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Christina Allard
Christina Allard, Senior Lecturer in Jurisprudence at Luleå University of Technology. Photo: Melina Granberg View original picture , opens in new tab/window

Sami rights in international light

Published: 12 February 2016

The Swedish Sami law is a new legal area with many ambiguities, which paves the way for conflicts. Christina Allard, Senior Lecturer of Jurisprudence at Luleå University of Technology, creates international research on Sami rights issues and criticizes the government for not taking the problem seriously.

– All who live and work here knows about the conflicts in hunting and fishing and reindeer herding issues versus the mining industry. It is about to use the same lands but it is quite unclear how rights relate to each other, especially when it comes to reindeer herding.

– In Girjasmålet found court that the Sami have exclusive hunting and fishing rights on the lands that the case involved. The verdict that came on February 3 is a milestone in the recognition of Sami rights in Sweden, although it probably will be appealed. The verdict shows that the question of dispute concerning the Sami rights are not consistent with the current regulations and that the only way is to take the state to court, says Christina Allard.

Want to highlight problems

Christina Allard's research focuses on environmental issues and rights issues related to land and water in relation to indigenous peoples, and in particular Sami people.

The purpose of Christina Allard's research is to highlight the differences in the various national laws and to create a better understanding of the situation in Sweden. Sami law is a new area of ​​law, and she believes that there are serious questions that need to be sorted out.

– The regulation concerning the Sami people is very strange, from a lawyer's perspective. When the legislation came in the 1800s, were craniometric measurements performed and Sami’s were seen as an inferior race. It still affects today. In Sweden we see Sami as a minority people and they have been disfavoured. It is a complex picture. You have to have a pretty good knowledge of ​​the history, to understand today's issues, explains Christina Allard and continues:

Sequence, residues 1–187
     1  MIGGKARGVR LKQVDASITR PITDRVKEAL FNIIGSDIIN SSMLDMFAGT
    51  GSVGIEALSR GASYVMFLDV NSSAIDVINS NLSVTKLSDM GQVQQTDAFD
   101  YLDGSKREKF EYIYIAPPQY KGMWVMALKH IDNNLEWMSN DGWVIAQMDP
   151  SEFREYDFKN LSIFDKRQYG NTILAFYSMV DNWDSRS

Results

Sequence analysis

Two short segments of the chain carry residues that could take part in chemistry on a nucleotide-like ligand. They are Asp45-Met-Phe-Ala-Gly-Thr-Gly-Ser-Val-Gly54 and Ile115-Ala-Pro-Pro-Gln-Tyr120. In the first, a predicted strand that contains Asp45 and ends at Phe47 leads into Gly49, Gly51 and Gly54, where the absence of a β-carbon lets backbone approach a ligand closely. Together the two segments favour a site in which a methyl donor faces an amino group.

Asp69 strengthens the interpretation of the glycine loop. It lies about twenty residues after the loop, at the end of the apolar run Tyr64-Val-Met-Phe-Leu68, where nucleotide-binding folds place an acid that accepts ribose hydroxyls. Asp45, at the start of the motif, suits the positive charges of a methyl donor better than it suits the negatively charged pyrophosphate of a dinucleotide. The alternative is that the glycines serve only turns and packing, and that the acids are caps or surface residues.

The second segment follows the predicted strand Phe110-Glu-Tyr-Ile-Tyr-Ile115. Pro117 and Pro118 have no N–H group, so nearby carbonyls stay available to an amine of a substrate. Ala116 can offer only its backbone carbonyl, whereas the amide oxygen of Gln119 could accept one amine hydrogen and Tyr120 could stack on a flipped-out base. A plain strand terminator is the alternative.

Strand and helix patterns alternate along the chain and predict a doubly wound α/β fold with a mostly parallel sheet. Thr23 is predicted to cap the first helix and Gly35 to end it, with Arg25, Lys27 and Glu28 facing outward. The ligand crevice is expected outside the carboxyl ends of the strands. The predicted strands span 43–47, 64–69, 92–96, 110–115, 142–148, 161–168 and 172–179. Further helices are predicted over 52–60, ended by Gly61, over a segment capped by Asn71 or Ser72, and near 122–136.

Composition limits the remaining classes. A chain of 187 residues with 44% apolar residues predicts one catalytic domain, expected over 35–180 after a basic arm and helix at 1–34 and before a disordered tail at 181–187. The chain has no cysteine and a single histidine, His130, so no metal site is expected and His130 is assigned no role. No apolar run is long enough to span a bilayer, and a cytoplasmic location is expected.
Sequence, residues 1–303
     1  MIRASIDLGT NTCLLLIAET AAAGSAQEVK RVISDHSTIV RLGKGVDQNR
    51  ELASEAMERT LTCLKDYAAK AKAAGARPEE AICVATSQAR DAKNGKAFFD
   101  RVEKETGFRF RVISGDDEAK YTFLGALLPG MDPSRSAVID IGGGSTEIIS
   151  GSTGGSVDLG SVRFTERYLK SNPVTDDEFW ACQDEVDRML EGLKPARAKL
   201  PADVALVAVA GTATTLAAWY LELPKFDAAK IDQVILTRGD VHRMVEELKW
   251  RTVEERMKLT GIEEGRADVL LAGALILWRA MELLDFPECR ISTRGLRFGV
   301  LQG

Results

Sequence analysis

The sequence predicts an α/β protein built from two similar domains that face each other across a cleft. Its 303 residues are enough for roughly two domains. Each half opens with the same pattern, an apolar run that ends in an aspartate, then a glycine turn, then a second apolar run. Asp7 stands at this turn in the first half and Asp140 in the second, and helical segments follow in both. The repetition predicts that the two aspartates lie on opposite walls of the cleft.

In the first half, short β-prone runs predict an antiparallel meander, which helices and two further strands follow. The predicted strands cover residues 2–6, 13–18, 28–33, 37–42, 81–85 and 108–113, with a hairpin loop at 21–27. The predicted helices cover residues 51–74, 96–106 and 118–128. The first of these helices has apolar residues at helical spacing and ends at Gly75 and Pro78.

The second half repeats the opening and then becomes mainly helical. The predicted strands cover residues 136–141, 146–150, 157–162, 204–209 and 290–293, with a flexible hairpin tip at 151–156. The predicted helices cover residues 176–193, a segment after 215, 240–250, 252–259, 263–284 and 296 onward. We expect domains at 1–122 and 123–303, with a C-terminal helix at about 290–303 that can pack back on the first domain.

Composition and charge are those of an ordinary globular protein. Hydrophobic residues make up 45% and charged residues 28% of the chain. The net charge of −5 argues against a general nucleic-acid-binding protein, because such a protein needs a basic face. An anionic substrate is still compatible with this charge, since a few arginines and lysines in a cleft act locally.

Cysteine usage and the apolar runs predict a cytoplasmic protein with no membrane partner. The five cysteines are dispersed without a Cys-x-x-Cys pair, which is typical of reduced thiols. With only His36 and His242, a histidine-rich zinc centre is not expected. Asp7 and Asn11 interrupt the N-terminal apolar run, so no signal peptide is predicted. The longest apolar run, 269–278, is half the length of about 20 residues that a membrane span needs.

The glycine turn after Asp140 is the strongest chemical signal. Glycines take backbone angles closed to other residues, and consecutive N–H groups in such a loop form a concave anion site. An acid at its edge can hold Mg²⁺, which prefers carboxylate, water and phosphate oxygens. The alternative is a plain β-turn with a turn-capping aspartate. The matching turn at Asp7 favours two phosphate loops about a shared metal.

– There are also historic path dependences that influence. It means to be stuck in certain legal solutions.

Publications show the research front

Christina Allard has recently produced two books of great importance to the scientific community. The book Renskötselrätt i nordisk belysning compares Sweden, Norway and Finland and is the first in-depth analysis of the legislation in these three countries. This is an important area because reindeer herding is transboundary while different rules apply.

Christina Allard also make comparisions with countries that has come further in its models of cooperation with indigenous people, such as New Zealand, Australia and Canada. Researchers in these countries are also interested in the Swedish Sami law, but so far has research in English been missing. With the anthology Indigenous Rights in Scandinavia fills Christina Allard a knowledge gap and can for the first time reach an international audience.